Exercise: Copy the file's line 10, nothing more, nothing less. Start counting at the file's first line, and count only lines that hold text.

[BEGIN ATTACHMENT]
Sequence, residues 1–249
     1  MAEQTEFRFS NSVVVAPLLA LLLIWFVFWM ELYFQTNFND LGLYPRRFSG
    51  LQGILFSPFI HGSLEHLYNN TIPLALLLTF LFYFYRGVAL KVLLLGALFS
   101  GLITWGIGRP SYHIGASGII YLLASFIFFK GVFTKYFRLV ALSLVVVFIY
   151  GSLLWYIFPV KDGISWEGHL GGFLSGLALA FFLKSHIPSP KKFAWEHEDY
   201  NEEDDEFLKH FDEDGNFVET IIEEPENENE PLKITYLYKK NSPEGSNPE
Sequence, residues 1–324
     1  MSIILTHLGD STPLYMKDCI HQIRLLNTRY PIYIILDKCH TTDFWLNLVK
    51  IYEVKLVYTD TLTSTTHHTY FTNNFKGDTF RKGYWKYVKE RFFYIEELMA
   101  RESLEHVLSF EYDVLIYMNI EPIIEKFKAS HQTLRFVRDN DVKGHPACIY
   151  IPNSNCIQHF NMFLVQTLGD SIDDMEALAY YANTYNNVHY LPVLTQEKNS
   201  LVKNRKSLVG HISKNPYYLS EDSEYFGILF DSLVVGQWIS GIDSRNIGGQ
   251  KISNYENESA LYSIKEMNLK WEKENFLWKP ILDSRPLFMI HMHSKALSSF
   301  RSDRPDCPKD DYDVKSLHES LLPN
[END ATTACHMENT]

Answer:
   101  RESLEHVLSF EYDVLIYMNI EPIIEKFKAS HQTLRFVRDN DVKGHPACIY